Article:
This post also appeared on Texas Running Post here.
“I need something else to work towards or I won’t run. And this would certainly be motivating. But there is no way I can do it except on a team.”
And with that text from my friend Jacquie, I fell down the rabbit hole of Run the Year 2017.
See, Jacquie lives in Edmonton, Alberta. She runs mostly 5Ks, partly because four to six months with snow and ice on the ground makes training for longer distances much more difficult than training in Central Texas. I mean, yesterday she said, “This week the temp is dropping to -20 to -30 with wind.” I think that’s Celsius, but no matter how you measure it, it’s cold by Austin’s standards. And this time of year her part of Canada only gets seven or eight hours of daylight, too. So I can see why she doesn’t want to run outside in the winter.
Anyway, Jacquie achieved her 5K time goal in 2016 and wanted a new challenge without jumping up to longer races. We have a mutual friend who gave her the Run the Year idea, but she needed, as they say, a little help from her friends.
I wasn’t easily convinced. When she first suggested this thing, the math was daunting. Thanks to my knee, I’d only managed to run about six miles that week. For a two-person team, running 2017 miles is about 21 miles per week, or 84 miles per month. I typically run around 100 miles a month—more in the early part of the year when we kind of have winter (also when Austin holds its major distance races) and fewer in the heat of the summer. It’s doable for me when I’m not injured, but still way out of reach for my Canadian friend. And for me at my current state as well. So she suggested adding a third person, which drops the total to 56 miles per month. No, I didn’t even run that far in December—I logged 35 miles—but a gradual increase in mileage as my knee recovers should get me there and beyond over the course of a whole year.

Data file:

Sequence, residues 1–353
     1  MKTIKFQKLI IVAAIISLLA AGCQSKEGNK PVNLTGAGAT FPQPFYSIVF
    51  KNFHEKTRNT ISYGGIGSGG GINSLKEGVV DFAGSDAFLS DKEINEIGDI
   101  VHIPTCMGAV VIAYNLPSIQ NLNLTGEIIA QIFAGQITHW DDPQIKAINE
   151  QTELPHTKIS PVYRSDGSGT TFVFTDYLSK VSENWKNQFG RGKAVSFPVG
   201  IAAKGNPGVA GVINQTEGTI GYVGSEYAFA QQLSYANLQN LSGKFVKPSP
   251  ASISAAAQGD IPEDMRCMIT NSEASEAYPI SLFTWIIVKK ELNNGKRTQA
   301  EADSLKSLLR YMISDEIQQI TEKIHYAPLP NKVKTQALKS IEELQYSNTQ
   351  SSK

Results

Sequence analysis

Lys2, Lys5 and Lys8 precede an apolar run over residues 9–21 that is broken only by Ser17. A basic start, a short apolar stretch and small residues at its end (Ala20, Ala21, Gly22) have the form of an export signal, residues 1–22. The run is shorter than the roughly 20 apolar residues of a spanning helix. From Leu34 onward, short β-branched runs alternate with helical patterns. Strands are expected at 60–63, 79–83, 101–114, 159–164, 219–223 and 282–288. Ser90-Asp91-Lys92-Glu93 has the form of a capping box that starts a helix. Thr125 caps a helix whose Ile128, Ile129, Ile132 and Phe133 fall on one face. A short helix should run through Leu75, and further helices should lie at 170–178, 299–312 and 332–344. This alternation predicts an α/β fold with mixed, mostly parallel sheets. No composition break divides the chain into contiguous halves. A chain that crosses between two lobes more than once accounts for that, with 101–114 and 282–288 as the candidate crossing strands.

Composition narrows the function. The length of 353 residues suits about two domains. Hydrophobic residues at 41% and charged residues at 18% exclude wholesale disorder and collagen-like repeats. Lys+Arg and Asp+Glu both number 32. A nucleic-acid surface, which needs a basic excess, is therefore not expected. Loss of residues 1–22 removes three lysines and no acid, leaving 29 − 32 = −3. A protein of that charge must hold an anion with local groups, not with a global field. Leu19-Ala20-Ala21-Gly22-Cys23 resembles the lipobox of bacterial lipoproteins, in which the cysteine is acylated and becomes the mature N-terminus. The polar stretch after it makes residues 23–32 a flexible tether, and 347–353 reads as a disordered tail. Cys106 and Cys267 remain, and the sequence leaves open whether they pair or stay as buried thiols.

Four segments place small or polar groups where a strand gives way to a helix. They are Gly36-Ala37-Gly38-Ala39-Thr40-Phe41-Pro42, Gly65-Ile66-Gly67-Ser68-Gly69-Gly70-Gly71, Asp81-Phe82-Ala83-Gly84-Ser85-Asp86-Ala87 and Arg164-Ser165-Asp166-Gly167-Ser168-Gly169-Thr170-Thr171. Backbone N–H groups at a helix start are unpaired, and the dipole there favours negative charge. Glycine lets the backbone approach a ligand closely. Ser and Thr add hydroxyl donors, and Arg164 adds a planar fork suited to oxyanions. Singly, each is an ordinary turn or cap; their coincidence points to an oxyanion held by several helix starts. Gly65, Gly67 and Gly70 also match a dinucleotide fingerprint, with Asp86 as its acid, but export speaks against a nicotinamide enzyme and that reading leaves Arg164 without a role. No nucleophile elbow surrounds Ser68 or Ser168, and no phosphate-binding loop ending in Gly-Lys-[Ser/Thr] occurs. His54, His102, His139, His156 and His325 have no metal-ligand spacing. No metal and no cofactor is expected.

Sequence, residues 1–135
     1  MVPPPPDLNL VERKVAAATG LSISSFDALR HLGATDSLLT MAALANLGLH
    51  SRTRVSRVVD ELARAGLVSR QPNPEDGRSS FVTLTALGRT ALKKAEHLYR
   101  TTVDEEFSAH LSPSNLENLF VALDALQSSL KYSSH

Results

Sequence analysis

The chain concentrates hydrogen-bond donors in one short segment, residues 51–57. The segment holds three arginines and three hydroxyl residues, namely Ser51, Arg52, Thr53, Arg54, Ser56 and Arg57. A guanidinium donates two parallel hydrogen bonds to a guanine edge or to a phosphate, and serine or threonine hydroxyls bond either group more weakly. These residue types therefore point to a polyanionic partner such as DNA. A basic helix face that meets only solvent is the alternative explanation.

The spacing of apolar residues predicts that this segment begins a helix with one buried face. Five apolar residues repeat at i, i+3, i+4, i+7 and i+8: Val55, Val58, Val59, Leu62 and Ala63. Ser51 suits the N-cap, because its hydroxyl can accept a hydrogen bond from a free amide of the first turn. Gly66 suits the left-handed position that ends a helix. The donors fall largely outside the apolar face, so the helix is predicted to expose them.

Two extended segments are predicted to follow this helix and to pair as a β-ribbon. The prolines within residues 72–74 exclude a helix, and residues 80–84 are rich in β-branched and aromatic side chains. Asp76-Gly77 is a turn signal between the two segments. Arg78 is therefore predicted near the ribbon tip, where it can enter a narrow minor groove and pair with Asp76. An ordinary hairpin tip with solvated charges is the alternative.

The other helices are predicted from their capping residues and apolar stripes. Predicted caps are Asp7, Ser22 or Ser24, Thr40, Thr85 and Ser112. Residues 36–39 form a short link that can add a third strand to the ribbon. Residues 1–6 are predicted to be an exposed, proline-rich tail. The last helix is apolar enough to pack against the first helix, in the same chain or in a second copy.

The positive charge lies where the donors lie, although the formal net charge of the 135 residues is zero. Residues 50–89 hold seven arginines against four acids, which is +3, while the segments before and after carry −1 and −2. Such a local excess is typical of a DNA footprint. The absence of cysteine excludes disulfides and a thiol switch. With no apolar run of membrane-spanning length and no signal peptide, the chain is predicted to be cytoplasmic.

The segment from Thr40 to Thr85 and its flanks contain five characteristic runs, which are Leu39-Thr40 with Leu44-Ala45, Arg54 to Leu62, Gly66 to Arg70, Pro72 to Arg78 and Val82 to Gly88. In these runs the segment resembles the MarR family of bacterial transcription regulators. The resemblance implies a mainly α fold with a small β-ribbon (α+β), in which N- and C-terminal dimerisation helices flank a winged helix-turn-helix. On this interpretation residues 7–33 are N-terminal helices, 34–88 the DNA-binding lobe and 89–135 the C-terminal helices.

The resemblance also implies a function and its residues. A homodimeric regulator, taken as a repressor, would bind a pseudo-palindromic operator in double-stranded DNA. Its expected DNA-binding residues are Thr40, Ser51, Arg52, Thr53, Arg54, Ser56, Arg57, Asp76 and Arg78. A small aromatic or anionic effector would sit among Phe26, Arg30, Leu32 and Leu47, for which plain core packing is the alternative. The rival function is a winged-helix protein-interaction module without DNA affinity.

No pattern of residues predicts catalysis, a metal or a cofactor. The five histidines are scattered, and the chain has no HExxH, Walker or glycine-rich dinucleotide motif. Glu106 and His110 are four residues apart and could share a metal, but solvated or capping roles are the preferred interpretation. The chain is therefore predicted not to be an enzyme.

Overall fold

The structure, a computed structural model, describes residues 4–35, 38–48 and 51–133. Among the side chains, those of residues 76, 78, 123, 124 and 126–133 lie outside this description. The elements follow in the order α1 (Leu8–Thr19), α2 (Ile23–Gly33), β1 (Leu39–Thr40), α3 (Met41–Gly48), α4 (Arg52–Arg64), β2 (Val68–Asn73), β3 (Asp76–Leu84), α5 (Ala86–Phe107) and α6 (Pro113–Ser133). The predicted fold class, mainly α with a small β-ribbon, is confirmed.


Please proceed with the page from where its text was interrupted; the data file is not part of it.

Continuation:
I still wasn’t ready to commit, but I floated the idea to my BRF Sara and we kicked it around for a week or so. In the meantime, an MRI of my knee showed no tendon or ligament damage, so I wasn’t facing something major that would knock me out before I got started. No, it’s not 100%, but the needle is starting to move. I managed three miles on Thursday and five on New Year’s Eve. I’m not pretending I can jump back into half-marathon training where I left off in November—I’m taking it easy a mile or two at a time, concentrating on good running form and listening to my body, ready to back off at the first sign of trouble.
So at Saturday’s post-run coffee date, Sara and I discussed the pros and cons. With three of us, we’d each have to run 13 miles per week—something she and I often knock out on in one run during half-marathon training season. Even on a slow week in the summer, we run more than 13 miles. Oh and there’s a medal. Cons include a year-long commitment and the state of my knee.
As we sat there sipping coffee and weighing everything, our friend John, who’d run with us that morning, joined us. After we filled him in, he piped up, “Well, do you need another team member?” And then we were four.
Now our mileage is about ten miles per week, which takes a whole lot of pressure off me and my recovery. Same with Jacquie and the Canadian winter running situation. So we took the plunge and registered.
Next we needed a team name—first we suggested Rogue-related ones since three of us train with Rogue Running. Then we tried to connect bluebonnets and maple leaves. Our initials don’t make good acronyms—without vowels, anything we came up with sounded like a breakaway Russian republic, not a running team name. And finally, when Jacquie was trying to teach us about Alberta she described it as Canada’s Texas, and it stuck.
To celebrate, and to get this thing started on the right foot, I went out for a 2.5-mile recovery run. Only 2014.5 to go!
For more information or to join the challenge, visit https://runtheedge.com/runtheyear2017